Working in emergent partnership with BIPOC leaders, THRIVE! will have three main areas of activity:

GRANTMAKING: The program will provide rapid response grants to address immediate conditions as well as larger unrestricted grants to empower BITOC to self-determine areas of their programming and operations that are most in need of funds. Field Conversations with BITOC and BIPOC community leaders will be held early in the program activity period to inform the grant program’s structure.

CONVENING: The experiences of BITOC and BIPOC communities will be centered in THRIVE! Convening programming to uplift their leadership and wisdom, which is not regularly shared with the field at large.

DISSEMINATION: TCG will disseminate learnings and ideas to the U.S. theatre field and beyond through American Theatre magazine, the TCG Circle, convenings like TCG’s National Conference, and other online and in-person platforms. Additionally, BIPOC who are not yet theatre journalists or critics but who exhibit the talent for and interest in writing for the field will be invited to participate as contributing writers.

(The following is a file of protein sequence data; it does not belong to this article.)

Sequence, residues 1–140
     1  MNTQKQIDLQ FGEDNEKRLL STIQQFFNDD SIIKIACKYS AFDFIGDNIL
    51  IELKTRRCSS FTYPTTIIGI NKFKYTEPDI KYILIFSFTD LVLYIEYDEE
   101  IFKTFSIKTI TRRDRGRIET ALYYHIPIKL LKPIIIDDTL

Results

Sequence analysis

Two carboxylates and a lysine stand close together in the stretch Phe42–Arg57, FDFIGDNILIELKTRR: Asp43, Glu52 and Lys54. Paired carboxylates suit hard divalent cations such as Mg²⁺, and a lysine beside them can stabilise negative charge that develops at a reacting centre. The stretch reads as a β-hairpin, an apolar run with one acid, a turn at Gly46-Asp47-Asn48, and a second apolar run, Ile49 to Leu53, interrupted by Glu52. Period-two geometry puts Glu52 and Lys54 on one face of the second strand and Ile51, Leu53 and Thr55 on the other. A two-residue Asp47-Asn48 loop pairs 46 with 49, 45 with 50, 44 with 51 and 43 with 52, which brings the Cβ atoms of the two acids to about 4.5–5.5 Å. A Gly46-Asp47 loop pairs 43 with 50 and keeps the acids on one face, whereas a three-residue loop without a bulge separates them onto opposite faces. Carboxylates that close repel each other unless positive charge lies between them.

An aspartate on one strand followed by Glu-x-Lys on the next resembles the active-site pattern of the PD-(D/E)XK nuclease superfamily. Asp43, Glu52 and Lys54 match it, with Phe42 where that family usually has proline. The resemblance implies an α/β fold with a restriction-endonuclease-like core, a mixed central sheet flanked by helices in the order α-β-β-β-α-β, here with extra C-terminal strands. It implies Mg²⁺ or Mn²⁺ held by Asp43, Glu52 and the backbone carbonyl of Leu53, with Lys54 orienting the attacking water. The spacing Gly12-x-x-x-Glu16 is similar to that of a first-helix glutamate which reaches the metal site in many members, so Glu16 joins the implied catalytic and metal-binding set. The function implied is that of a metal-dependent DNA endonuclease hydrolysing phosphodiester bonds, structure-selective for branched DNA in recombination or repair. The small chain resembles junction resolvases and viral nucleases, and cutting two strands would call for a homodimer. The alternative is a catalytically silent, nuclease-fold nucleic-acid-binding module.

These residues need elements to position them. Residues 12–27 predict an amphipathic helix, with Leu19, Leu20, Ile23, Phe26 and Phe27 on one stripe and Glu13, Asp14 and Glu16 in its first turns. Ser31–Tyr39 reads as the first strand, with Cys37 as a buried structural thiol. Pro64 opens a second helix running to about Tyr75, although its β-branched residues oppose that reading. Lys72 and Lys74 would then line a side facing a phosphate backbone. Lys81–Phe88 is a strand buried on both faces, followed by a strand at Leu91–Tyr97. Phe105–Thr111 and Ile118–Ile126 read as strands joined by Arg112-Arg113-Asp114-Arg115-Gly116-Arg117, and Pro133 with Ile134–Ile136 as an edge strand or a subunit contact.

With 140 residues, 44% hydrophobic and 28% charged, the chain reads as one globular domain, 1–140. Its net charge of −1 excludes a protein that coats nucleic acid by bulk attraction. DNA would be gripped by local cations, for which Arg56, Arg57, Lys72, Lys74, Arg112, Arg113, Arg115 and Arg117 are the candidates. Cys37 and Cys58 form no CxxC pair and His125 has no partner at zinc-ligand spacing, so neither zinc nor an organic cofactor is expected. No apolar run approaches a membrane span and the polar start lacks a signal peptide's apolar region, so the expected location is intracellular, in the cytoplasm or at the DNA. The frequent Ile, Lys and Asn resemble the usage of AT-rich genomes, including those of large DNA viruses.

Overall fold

Working closely with an Advisory Circle of BIPOC theatre leaders and representatives of BITOC throughout the life of the program will ensure that the components are relevant and useful. Advisory Circle members include:

Andrea Assaf, Founding Artistic Director, art2action; Miranda Gonzalez, Producing Artistic Director, Urban Theatre; Andre Harrington, Professor of Design at California State University, San Bernardino; Dr. Nicole Hodges Persley, Artistic Director, KC Melting Pot Theater; Leslie Ishii, Artistic Director, Perseverance Theatre; Jonathan McCrory, Executive Artistic Director, National Black Theatre; Alexandra Meda, Artistic Director, Teatro Luna;  Kate Moore Heaney, Artistic Producer, Noor Theatre; Meena Natarajan, Executive and Artistic Director, Pangea World Theatre; Ryan Opalanietet Pierce, Artistic Director, Eagle Project; DeLanna Studi, Artistic Director, Native Voices; K. Zaheerah Sultan, Founder and Executive Director of Mind Your Business Art; Meredith Suttles, Managing Director, Marin Theatre Company; and Torange Yeghiazarian, Founder, Golden Thread Productions.